Taking Stock / A man named Yossi
"Nobody's investing in Israel, and without investment, there's no chance of growth," declared lawyer Ram Caspi at the emergency conference Israel's business leaders held this week.
His macroeconomic analysis is right on the money. Investments have generally been shrinking from quarter to quarter. The credit crunch combined with dropping revenues in most sectors, and the absence of economic or diplomatic vision, are suppressing whatever desire there might have been to invest so much as a shekel in Israel. Which makes all the more remarkable Yossi Maiman's readiness to infuse millions of dollars a month into a brand-new venture operating in the sector most vulnerable to the domestic recession.
In two lectures delivered in recent months, Maiman tried to convince his audience that Channel 10 is a serious investment based on a real business plan. But his declarations are not compelling. He and the channel's CEO, Modi Friedman, refuse to disclose so much as a syllable about the company's touted business plan. The only thing said so far, by marketing veep Ronen Beraka in an interview to Prime Time magazine, is that Channel 10's revenues are expected to reach $76 million in 2003.
Beraka's forecast sounds a tad unrealistic, based on the contraction of the advertising market. But even if it proves accurate, the channel's heavy costs would lead it to losses of NIS 150 million, at best, or NIS 250 million, at worst.
In recent years, we've become accustomed to seeing communications companies lose mountains of money. This one is slated to lose a few hundred million shekels in its first years; that doesn't make it a rare bird. But Channel 10 cannot be compared with other communications companies that spiraled into life-threatening losses.
Channel 10 is the only one that set up shop just as the rest of the industry had digested the gravity of the situation. Israel's satellite TV broadcaster Yes, for instance, was born at the peak, when capital was available and investors believed in newfangled business models. But Channel 10 is starting out when optimistic concepts have collapsed.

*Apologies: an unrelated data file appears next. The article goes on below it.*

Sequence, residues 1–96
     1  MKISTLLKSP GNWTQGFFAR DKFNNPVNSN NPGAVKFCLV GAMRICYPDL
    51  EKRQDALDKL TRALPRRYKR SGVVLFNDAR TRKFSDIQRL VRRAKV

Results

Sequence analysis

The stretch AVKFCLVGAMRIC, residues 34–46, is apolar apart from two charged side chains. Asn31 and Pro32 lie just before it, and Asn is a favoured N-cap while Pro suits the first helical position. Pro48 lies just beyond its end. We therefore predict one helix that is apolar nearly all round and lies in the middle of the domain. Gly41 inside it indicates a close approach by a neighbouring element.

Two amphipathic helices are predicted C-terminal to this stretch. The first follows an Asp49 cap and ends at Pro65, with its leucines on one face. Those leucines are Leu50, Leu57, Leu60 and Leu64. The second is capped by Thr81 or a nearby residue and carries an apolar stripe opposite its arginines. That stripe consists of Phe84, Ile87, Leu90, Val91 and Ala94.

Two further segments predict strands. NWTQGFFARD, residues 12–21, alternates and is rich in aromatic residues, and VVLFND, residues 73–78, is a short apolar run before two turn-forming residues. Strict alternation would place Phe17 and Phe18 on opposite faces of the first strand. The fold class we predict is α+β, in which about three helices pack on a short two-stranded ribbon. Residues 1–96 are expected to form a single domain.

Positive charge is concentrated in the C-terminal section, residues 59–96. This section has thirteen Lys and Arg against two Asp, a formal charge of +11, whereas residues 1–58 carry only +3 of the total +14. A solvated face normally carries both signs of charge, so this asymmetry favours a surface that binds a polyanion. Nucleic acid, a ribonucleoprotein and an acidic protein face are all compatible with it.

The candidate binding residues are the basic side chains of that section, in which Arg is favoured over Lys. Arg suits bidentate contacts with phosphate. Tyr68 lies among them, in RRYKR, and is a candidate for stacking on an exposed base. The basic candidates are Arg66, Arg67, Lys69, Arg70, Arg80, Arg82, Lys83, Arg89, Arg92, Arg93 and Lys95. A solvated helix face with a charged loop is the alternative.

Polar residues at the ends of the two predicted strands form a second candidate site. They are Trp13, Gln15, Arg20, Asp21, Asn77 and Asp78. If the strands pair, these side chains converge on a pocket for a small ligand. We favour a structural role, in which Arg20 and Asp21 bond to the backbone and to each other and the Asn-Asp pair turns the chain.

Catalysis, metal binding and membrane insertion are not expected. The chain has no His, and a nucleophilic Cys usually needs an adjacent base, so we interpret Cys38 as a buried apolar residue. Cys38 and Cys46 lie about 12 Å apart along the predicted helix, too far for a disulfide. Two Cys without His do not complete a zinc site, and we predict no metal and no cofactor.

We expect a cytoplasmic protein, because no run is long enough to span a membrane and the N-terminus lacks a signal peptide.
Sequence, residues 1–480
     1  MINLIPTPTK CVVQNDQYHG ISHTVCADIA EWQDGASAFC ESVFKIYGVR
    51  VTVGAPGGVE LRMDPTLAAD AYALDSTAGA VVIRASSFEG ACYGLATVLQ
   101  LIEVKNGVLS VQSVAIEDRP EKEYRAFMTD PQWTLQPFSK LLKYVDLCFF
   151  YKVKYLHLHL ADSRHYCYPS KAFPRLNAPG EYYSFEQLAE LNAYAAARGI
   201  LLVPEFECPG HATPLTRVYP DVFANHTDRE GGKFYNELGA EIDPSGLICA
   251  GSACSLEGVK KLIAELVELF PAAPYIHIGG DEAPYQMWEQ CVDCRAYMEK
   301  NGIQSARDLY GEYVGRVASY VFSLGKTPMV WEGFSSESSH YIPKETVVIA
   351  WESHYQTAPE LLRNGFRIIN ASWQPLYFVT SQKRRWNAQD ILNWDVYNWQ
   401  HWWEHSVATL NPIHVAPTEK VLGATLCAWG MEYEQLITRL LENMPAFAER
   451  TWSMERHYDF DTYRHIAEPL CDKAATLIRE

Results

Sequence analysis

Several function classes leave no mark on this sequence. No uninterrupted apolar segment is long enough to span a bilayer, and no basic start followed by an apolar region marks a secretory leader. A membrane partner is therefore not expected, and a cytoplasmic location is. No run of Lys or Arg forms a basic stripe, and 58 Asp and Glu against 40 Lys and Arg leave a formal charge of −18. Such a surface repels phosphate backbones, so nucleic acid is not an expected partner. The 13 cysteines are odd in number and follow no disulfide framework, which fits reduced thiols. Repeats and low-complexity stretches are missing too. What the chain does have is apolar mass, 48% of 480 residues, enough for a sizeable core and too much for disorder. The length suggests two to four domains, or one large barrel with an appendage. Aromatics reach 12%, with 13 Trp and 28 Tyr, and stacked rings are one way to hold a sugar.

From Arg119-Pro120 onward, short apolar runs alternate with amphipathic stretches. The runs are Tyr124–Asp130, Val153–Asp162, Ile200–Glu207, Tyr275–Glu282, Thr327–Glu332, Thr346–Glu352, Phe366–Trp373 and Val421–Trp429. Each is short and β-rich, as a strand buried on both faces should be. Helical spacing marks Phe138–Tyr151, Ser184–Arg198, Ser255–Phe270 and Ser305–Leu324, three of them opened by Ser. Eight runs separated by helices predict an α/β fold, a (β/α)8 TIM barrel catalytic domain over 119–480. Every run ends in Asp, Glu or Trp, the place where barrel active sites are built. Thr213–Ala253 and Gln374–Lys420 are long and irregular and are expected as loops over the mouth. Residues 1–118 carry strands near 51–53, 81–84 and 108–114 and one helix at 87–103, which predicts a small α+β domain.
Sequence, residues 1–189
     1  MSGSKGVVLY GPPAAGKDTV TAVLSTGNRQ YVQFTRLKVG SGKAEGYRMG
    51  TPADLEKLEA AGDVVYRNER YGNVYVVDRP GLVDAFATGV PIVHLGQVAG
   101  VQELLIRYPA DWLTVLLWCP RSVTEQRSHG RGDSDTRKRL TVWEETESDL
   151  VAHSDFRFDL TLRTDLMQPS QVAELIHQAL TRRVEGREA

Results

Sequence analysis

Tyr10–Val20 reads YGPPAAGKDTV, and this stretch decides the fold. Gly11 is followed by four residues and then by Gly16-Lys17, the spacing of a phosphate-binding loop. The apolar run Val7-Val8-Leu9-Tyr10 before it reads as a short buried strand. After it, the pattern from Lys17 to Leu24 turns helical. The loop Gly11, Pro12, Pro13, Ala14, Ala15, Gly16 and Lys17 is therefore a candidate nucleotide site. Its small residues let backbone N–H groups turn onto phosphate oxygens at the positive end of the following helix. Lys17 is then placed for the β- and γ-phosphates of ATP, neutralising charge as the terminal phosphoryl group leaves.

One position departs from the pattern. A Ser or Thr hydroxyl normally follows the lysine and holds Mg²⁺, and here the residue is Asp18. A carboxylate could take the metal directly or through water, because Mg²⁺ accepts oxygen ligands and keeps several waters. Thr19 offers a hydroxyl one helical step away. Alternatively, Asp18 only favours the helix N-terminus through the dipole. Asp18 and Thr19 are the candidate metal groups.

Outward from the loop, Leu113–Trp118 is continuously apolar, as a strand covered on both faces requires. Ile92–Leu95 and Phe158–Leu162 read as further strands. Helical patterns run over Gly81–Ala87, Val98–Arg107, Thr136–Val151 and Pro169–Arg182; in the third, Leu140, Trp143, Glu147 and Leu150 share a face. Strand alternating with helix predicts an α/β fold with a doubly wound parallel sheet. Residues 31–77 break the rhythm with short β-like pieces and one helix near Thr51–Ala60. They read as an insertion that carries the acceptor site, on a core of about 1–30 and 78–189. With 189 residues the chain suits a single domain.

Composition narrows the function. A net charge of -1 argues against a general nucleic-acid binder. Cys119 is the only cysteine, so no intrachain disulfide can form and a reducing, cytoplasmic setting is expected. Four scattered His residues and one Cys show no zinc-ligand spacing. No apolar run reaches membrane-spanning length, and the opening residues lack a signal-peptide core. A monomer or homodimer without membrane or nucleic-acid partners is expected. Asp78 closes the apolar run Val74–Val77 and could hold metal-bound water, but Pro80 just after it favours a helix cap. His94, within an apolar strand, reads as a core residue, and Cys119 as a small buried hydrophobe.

To continue with Yes as an example, with hindsight, investment in it clearly can't be recouped. At this stage, though, with the company boasting 400,000 subscribers, the investors feel the best option is to inject yet more and lead the company to profitability.
Not so for Channel 10. The monies invested in the last year are down the drain. No assets were created. Here, too, the chance of recouping the tremendous investments made in the last three years look pretty slim.
Saving their loans
Which leads us to another difference between Channel 10 and the rest of those bleeding communications companies. Most of their losses were financed by the banks, which only started tightening their fists a year ago. But Channel 10 joined the media party late, after the marketplace was already mired in recession. The banks had no chance to step into the mud with massive loans to the new channel, and therefore have no incentive to step in and save it, in order to protect earlier loans, as they are doing with the other companies that borrowed money during the boom.
The upshot is that the entire weight of Channel 10, including its frightening losses, is resting on the shoulders of one man, a man named Yossi Maiman. Few know how he made his money, where he did it, or mainly, how much he has. But the months to come may give us some indication of how deep his pocket is, according to the degree of pressure he exerts on Channel 10's other shareholders and the terms he offers them.
The TV industry desperately hopes that the advent of a second commercial TV station in Israel, as Channel 10 competes with Channel Two, will increase the advertising pie. But it seems clear enough that Channel 10's gains will be at the expense of Channel Two. When we factor in the rising price of content and wages to television stars, we realize that Channel Two is also fated to start losing money, after seven fat years.
The battle between Channel Two and Channel 10 isn't one of well-groomed star quality, it's Yossi Maiman versus eight of the most influential business groups in Israel, which control Channel Two: Mozes, Hamburger, Strauss, Bino, Nimrodi, Wertheim, Fishman and Gaon.
Good for everybody
The good news is that the battle will do some good, mainly to the marketplace. Unless, that is, the regulators capitulate to the titans and offer them profligate breaks to alleviate their exasperation at the onset of competition.
Channel 10's growing strength will introduce fierce competition into the advertising and content sectors. It may also improve the products, or at least the variety. The last week of Channel 10's renewed launch proved that it can do it, at least as far as news is concerned.
Anybody fearing that Maiman would try to influence content and restore his investment through circuitous means forgets that, in any case, Israel's press and television are controlled by a handful of families, who aren't shy about wielding their clout to advance their business concerns.
The more channels and media outlets there are, the less clout each of the titans has to brandish, and the better it is for us all. And if there's a unyielding entrepreneur like Yossi Maiman who's willing to finance the whole folly by his lonesome - then all that remains is for us to shake his hand, and hope he doesn't lose his optimism.
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